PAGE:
I recently had some of my ideas about the food industry overturned, after reading Dr Kessler’s book, The End of Overeating.
Dr Kessler is a real heavy — not only was he a lawyer as well as being a paediatric doctor, he was also the commissioner of the American Food and Drug Administration. In his book, he points out the massive contradiction about food that exists in America (and in many other English-speaking Western countries).
He’s interested in how the food industry manipulates food, and how they have specifically altered modern foods to make them almost addictive.
The human body has evolved to eat when it’s hungry — and to stop when we are full. But the goal of the American food industry (aka ‘big food’) is the exact opposite. They manufacture a product that stimulates your appetite, so you eat more of it — and yet leaves you hungry for more.
And the way the food industry does this is, he claims, by using a quirk of the human brain to get you addicted to the product they sell.
Let me point out that by ‘food industry’, I do not mean your local market gardener, local provider or local food growers co-operative. No, I mean the multi-billion dollar multi-nationals, who sell processed foods that are far removed from their whole food origins.
For most of our many-million year evolution, food was hard to come by. Sugars, fat and salt were all rare and precious. And so our brains are hard-wired to enjoy sugars, fat and salt — after all, they improve our chances of survival. In the early 1980s, the American food industry realised how to really capitalise on this.
The food industry began to tailor-make products that combined sugar, fat and salt with a gorgeous ‘mouth feel’. The effects showed up in two different ways.
First, sales of highly processed products rose magnificently, and so did profits.
The second effect was the obesity epidemic. It was first recognised by Dr Katherine Flegal, a senior research scientist at the US Center for Disease Control and Prevention. She was analysing an enormous mountain of data gathered from a US Federal Government survey into the health and nutrition of American citizens. She found an unusual change from the traditional weight change pattern of the preceding century. Previously, the pattern was that American adults would gain a few kilograms between 20 and 40 years of age, and then lose these kilos in their 60s and 70s. But now the configuration was very different — there was a sudden spike in the numbers of the overweight. Dr Flegel found that some 20 million Americans, or 8 per cent of the population, had quite suddenly (over a mere decade or so) become overweight.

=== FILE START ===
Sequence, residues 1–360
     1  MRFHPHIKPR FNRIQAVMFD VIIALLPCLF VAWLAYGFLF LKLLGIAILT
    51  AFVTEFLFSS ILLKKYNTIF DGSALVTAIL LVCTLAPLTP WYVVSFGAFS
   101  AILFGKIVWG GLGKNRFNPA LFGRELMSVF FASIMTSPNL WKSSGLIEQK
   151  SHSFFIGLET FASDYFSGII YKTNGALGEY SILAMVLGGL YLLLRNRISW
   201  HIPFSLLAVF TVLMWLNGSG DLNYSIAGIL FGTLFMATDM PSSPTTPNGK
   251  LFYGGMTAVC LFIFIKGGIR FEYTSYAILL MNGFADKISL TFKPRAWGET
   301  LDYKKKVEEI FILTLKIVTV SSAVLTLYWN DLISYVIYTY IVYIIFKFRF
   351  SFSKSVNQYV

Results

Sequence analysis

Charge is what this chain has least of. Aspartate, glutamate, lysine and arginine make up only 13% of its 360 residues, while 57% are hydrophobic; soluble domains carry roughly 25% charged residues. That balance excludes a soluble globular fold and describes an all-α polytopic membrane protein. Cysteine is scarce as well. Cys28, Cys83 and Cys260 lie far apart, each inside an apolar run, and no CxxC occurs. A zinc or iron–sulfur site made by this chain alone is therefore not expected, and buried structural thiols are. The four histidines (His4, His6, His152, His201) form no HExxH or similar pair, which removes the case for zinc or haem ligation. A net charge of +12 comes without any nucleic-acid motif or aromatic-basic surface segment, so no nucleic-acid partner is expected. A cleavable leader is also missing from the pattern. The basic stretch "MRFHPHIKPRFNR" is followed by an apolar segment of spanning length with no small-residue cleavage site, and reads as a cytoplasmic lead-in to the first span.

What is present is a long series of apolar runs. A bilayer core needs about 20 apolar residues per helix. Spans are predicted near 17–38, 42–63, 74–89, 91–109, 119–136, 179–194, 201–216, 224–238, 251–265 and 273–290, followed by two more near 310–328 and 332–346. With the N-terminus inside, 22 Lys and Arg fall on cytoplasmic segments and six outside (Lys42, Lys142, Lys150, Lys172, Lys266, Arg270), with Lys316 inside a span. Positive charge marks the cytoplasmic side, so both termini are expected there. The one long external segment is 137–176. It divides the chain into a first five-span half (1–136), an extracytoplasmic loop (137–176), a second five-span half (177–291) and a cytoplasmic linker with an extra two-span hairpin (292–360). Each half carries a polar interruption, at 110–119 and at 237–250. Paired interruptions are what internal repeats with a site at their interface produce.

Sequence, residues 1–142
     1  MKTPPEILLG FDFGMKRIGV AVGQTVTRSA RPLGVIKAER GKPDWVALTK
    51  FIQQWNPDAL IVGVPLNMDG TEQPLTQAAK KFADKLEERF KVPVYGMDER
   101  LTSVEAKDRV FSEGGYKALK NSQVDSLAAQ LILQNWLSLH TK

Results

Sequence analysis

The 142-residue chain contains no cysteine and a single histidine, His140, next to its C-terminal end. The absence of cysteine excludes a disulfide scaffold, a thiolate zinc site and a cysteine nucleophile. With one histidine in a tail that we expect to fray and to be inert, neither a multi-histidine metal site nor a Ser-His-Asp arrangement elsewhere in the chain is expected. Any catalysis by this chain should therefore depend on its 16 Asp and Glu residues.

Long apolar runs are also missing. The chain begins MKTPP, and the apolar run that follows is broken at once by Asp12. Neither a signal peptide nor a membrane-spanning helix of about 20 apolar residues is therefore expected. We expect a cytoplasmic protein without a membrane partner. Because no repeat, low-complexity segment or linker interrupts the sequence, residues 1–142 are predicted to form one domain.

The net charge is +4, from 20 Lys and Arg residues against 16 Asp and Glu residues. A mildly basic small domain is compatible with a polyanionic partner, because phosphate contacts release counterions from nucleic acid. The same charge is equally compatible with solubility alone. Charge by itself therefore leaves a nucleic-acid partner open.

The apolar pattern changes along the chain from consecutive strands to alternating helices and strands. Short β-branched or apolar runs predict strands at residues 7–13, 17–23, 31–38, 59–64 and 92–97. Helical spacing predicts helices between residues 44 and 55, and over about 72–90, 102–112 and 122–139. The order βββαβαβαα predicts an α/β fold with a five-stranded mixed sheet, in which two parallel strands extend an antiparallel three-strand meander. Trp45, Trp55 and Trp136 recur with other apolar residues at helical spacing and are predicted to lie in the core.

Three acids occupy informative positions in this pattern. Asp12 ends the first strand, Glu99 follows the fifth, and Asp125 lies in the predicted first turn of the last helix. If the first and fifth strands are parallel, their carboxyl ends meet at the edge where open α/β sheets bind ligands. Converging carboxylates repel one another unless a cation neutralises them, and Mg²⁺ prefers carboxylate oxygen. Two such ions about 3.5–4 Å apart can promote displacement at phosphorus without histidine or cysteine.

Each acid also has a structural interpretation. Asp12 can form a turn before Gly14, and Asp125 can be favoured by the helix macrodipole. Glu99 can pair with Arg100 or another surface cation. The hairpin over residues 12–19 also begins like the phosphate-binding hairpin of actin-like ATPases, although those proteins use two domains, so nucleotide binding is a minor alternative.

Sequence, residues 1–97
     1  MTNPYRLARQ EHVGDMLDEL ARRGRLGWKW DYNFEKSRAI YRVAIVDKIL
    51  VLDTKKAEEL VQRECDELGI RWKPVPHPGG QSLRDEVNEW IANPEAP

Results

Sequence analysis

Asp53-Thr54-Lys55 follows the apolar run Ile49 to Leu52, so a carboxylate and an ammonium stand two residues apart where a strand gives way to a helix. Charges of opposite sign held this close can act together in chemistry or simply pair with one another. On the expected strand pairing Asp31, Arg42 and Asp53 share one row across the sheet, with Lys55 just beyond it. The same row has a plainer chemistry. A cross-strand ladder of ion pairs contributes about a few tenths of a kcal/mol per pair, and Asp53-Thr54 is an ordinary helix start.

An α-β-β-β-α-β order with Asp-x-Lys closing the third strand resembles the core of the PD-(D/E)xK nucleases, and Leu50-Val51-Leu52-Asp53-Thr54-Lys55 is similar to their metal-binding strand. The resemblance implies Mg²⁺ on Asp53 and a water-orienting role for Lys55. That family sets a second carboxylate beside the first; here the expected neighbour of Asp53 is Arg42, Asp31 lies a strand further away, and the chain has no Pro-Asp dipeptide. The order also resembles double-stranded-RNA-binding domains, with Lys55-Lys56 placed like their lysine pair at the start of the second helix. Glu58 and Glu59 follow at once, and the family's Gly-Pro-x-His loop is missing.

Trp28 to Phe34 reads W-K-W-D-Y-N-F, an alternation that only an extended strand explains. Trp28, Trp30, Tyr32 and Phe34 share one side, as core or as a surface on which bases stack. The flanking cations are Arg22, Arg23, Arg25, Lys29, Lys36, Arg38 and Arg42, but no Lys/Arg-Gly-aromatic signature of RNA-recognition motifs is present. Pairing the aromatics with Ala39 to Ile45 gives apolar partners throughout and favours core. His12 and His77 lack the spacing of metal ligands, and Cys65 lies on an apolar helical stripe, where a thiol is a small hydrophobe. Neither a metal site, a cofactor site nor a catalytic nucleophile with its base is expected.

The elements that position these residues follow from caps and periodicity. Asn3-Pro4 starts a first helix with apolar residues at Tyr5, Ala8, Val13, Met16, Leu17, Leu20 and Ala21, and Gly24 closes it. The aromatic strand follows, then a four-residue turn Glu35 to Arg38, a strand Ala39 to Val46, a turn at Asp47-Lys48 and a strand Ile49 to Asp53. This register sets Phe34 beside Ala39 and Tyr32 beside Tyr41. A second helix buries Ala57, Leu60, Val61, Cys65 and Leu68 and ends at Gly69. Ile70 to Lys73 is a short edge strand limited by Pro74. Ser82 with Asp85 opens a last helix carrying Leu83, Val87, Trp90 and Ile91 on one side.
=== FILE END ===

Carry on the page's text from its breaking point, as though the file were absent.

But how was the food industry involved in this?
Dr Kessler realised that a large proportion of the American population now had a constant battle with the desire to overeat. The Journal of Clinical Investigation wrote that: “Kessler theorises that after being exposed to hyperstimulating foods, some individuals develop what is known as conditioned hypereating”.
“Hypereating” sounds bad, and “conditioned hypereating” sounds even worse. Americans had switched from eating because they were hungry, to eating because their appetite was permanently aroused.
The food industry quickly learnt that manufacturing “hyper-palatable” products (I hesitate to call them a “food” anymore) was a simple two-stage process.
First, you incorporate fat, sugar and salt in every product you manufacture.
Second, you can load the fat, sugar and salt into the core ingredients, or you can layer them on top or underneath, or both.
As an example, let’s assume that the core ingredient is chicken pieces. The factory deep fries it, so the fat is loaded into the chicken meat — and usually freezes it for transport. The restaurant then fries them again, which increases the loaded fat. So far you have fat on fat. Then you serve the chicken with a sweet and salty dipping sauce — that’s layering.
So our chicken pieces are both loaded and layered with sugar on salt on fat on fat. If your chicken was a gun, it would be locked and loaded. It just takes longer to kill you.
Let’s take the potato as the core ingredient. It’s a carbohydrate — a bunch of sugars joined in a chain. Cut it into chips, and deep-fry it. Fat is loaded into the potato chips, and the thinner you cut them, the bigger the surface area, and the more fat they can carry. Layer it with cheese, sprinkle lots of salt on it and feed it to the consumer. You have salt on fat on fat on sugar. Cheese chips are yummy — which is good for the manufacturer, but bad for you.
Most hyper-palatable products inherently do not generate a sense of fullness. You just keep on eating, and don’t get full until you’ve eaten a ridiculous amount. No wonder the manufacturers love them.
But how do you make the customer love them? Well, I’ll talk more about that, next time …
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